Volunteer Julie Steelman worked very hard to up this orange cone found Saturday in the waters off Kailua Pier. (Kirk Shorte/Special to WHT)
Jack’s Diving Locker employee Matt Bogdanovitch helped sort through and record the myriad items that were brought up from the ocean depths Saturday. (Kirk Shorte/Special to WHT)
Kailua Pier is a hub for local fishermen, but after their catch is in they celebrate and often leave behind beer bottles and lots of fishing line. (Kirk Shorte/Special to WHT)
Litter, pictured in this 2005 photo, frequently washes ashore of the Big Island’s southern Waiohinu-Ka La’e coast. Hawaii Wildlife Fund organizes regular cleanups here. (WHT File Photo)
Volunteers combed the beach on Big Island’s southern Waiohinu-Ka La’e coast for marine debris in 2008. Hawaii Wildlife Fund organizes regular cleanups here. (WHT File Photo)
An Ocean View family helps pick up marine debris north of Kamilo Point Saturday. (Sean P. King/Special to WHT)
HILO — Volunteers across the island scoured the shoreline last Saturday during the 27th annual International Coastal Cleanup, scooping up more than a ton of debris. But if you missed the cleanup, never fear. There are more cleanup days scheduled in the coming weeks.
Sixty-one people joined the Hawaii Wildlife Fund’s “Get the Drift & Bag It!” event, cleaning a 1-mile stretch from Kamilo Point to Kaluahonu in Ka‘u. Participants included the University of Hawaii at Hilo’s marine debris science class, the Orchidland Church of Jesus Christ of Latter-day Saints youth group and a crew of five from the San Diego-based Pacific Beach Shoreclub, according to Megan Lamson, HWF debris project coordinator.
The group collected about 2,760 pounds of junk, including about 1,000 pounds of fishing net bundles, Lamson said. Also in the mix of 141,759 pieces of stuff were 90,004 plastic fragments, 26,228 bottle or container caps, 2,550 oyster spacers, 1,380 aluminum or tin cans, 120 tires, 71 rubber slippers and 252 plastic bags.
At the Kailua Pier, Jack’s Diving Locker coordinated a cleanup where 14 divers in two hours removed more than 250 glass beer bottles, at least 20 pounds of tangled monofilament line, fishing lures, two trash bags full of rope and line, numerous aluminum cans and food containers and golf balls, money and credit and identification cards.
“It’s amazing the things that get caught on stuff, especially on the fishing line,” said Kirk Shorte, of Shortini Photography. “The fishing line is the most insidious stuff out there; it gets caught on everything.”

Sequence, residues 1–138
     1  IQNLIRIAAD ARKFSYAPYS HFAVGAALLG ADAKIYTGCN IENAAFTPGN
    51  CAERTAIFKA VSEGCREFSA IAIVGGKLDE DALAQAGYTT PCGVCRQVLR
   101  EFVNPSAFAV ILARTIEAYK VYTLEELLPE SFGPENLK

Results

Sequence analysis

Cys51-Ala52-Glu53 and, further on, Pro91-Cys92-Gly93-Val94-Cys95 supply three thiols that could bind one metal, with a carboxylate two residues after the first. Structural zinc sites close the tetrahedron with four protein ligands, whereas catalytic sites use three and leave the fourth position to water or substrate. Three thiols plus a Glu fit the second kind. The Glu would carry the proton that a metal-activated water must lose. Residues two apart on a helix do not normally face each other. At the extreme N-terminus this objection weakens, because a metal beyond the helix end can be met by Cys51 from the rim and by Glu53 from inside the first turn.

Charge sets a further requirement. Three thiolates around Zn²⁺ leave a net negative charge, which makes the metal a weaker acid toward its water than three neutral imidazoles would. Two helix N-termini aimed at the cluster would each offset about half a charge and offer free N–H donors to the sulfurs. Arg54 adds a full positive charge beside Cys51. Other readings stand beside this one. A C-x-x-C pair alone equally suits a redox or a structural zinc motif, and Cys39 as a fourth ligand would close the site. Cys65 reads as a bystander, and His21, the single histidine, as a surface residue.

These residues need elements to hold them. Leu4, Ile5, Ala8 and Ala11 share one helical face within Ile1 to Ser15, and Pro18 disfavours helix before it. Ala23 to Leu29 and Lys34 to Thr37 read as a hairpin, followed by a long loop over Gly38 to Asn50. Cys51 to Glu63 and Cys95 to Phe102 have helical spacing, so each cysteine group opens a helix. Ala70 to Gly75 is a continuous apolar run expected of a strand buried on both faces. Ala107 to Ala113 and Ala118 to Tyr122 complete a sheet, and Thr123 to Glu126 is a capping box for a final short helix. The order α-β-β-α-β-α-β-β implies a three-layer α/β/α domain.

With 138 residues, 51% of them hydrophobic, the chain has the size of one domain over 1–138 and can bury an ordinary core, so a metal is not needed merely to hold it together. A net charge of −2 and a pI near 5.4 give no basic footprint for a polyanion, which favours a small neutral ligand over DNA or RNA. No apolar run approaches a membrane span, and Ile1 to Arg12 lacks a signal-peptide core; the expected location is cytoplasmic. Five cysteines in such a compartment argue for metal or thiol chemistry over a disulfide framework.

Keep Puako Beautiful’s goal is to clean up sites along six miles of coast along the Ala Kahakai Historical Trail, from Waialea to Holoholoka, over the course of several weeks. Blue Wilderness Dive Adventures assists with the diving and recovery of marine debris from the Puako Boat Ramp area, according to Cynthia Ho, Keep Puako Beautiful site coordinator.
“Because the coast is 6 miles long, we do it all in one day,” Ho said.
Ho said Saturday’s group was smaller than usual, because of several other events — including a parade and a fair — that same day.
The tallies for all the cleanups are sent to the Ocean Conservancy, which has coordinated the event since its inception. For the past seven years, the National Oceanic & Atmospheric Administration Marine Debris Program has helped fund the effort. Volunteers in more than 96 participating countries head out to clean up their local beaches, waterways and even neighborhoods. Over the past 26 years, more than 9 million volunteers have removed 153,790,918 pounds of trash, according to NOAA.
“There should be a permanent solution to the trash problem at the pier,” said Patti Clay, a Jack’s Dive Club member. “I specifically looked for pieces of plastic including plastic straws because turtles will eat this material.”
Care to lend a hand or your support for ongoing cleanup events?
Keep Puako Beautiful is looking for volunteers who will snorkel, dive and land clean for Get The Drift & Bag It cleanups on Saturday at Paniau, and Tuesday at Beach 67.
Contact Cynthia Ho at email@example.com for more information.
On Oct. 28, a “Rise Above Plastics” cleanup will be held at Champagne Ponds in Puna, hosted by Hawaii Wildlife Fund and Surfrider Foundation Hilo (facebook.com/pages/Surfrider-Foundation-Hilo-Chapter/213691888646842?ref=ts). A potluck barbecue will follow.
Hawaii Wildlife Fund will be hosting regular Ka‘u Coastal Cleanups on Nov. 17 and Jan. 12.